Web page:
U.S. stock index futures rose, boosted by resurgent Asian and European markets, and pointed to a higher open on Tuesday when markets reopen after the Memorial Day holiday.

Futures on the Dow Jones Industrial Average were up 0.65 percent, the futures on the Standard & Poor's 500 Index were up 0.70 percent and those on the Nasdaq 100 Index were up 0.91 percent.

Investors will also be looking to the Conference Board’s Consumer Confidence Index for the month of May, which will be released after the opening bell, at 10:00 a.m. EDT. Economists surveyed by Bloomberg predict that the Consumer Confidence Index may increase to 71 in May from 68.1 in the previous month.

“The preliminary May U. of Michigan Consumer Sentiment survey rose to the highest level in almost six years as rising home values, record stock prices, and lower gasoline prices boosted household wealth. We anticipate that the Consumer Confidence report will be impacted by these themes as well, as usual, we look closely at the labor-market related information in the report as an early indicator of May payroll gains,” a note from Credit Agricole said.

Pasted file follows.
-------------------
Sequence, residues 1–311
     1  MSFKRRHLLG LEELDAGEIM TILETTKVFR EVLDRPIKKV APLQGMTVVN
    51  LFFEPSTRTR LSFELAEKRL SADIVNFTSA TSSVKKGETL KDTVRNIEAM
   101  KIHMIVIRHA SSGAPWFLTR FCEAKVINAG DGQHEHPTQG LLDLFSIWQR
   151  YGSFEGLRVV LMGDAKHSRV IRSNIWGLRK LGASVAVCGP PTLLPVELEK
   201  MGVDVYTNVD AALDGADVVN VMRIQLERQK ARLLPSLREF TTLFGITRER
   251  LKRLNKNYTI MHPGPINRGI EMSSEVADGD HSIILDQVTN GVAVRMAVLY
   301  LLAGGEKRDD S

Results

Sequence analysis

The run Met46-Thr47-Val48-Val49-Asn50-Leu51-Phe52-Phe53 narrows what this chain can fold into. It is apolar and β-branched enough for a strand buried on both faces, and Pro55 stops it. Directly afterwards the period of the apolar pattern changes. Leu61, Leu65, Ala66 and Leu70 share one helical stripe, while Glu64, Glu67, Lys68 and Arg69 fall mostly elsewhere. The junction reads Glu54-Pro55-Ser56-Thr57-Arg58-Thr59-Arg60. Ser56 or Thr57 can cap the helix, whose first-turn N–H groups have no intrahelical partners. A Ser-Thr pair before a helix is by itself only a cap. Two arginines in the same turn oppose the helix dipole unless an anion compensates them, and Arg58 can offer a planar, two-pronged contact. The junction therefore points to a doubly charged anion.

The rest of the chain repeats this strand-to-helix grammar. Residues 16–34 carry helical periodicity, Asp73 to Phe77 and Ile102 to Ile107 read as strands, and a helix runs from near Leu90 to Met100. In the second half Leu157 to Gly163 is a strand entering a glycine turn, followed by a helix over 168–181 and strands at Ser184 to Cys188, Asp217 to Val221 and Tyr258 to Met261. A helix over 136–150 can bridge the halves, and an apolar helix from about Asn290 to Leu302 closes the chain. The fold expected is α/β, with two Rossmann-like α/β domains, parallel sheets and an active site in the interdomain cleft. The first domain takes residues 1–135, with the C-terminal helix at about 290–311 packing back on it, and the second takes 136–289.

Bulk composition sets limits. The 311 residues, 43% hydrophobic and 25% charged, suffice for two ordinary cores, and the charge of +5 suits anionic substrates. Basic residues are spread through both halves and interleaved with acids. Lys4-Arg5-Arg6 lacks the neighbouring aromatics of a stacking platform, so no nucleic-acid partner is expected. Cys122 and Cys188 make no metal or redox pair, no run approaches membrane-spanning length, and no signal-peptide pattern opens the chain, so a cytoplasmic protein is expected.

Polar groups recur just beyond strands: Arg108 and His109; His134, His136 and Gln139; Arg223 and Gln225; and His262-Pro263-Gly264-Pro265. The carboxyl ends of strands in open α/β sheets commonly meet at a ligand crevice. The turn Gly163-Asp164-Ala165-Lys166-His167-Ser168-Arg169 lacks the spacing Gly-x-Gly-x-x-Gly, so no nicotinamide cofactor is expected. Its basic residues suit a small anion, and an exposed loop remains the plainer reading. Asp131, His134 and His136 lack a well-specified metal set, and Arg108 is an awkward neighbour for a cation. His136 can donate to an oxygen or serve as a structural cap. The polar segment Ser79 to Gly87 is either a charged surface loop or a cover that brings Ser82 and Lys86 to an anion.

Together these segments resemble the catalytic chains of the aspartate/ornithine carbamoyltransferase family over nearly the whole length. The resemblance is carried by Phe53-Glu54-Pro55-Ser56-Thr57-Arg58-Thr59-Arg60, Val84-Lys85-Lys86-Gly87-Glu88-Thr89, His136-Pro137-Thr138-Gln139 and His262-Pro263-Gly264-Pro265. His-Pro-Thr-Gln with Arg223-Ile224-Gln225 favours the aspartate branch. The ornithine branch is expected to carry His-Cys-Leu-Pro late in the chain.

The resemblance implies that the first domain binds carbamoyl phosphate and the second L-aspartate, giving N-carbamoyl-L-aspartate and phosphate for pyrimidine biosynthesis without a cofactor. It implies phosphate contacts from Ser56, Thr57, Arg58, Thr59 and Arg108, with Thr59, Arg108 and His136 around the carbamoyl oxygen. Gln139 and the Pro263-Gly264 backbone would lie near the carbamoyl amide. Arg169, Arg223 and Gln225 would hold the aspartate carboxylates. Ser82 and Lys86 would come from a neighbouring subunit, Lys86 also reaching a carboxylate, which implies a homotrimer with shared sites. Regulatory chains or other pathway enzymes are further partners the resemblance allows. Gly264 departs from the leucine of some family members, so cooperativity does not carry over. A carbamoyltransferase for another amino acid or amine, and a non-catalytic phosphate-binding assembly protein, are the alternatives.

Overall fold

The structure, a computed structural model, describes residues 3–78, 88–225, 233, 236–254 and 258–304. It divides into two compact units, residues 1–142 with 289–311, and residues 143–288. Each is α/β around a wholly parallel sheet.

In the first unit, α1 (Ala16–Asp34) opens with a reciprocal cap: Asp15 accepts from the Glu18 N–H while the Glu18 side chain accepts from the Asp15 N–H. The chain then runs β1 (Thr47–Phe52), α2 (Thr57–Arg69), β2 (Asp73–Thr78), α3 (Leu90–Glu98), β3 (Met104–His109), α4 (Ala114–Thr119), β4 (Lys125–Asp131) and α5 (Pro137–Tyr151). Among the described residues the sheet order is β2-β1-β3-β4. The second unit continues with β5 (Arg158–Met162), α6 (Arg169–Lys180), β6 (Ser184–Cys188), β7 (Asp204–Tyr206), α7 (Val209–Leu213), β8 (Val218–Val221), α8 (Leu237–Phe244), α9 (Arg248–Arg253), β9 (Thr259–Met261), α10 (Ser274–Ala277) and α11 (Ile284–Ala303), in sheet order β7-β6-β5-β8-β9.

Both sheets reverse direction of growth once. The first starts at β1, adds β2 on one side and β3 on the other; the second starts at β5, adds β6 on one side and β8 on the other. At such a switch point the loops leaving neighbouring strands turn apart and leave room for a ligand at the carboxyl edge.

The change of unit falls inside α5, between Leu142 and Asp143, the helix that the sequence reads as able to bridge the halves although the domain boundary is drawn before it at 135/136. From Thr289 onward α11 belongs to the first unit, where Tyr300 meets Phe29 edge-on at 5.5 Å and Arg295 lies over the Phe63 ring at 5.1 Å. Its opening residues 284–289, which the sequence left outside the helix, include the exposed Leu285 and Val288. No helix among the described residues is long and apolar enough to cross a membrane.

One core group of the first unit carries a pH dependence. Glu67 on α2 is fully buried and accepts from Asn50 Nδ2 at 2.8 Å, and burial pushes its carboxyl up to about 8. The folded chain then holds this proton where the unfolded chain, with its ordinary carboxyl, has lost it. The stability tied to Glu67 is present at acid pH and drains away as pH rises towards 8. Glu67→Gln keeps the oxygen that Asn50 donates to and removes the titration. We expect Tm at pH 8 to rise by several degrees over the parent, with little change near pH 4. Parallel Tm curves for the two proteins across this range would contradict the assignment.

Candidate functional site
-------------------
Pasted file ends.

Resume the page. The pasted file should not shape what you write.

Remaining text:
The S&P/Case-Shiller house price index for March also will be released before the market opens on Tuesday --  at 9:00 a.m. EDT. The index, which measures the change in the selling price of single-family homes in 20 metropolitan areas, is expected to show that house prices increased at an annual rate of 10.2 percent in March after gaining 9.3 percent in the previous month.

European stock markets were trading higher on Tuesday with the London FTSE 100 up 1.54 percent, Germany's DAX-30 gaining 1.20 percent and France's CAC-40 surging 1.42 percent.

Asian stocks markets advanced for the first time in six days as a weaker yen supported stocks of Japanese exporters. Japan's Nikkei surged 1.2 percent following sharp declines in recent sessions. China's Shanghai Composite gained 1.23 percent and Hong Kong’s Hang Seng advanced 1.05 percent, while India’s BSE Sensex rose 0.49 percent.

U.S. stock markets ended on a mixed note on Friday despite better-than-expected reading on durable goods orders. The Dow Jones Industrial Average gained 0.06 percent, the S&P 500 Index was down 0.06 percent and the Nasdaq Composite Index declined 0.01 percent. Also, for the week, stocks reported losses for the first time in five weeks as the U.S. Federal Reserve's ambivalence about its future monetary policy and weak economic data from China weighed on the investor sentiment.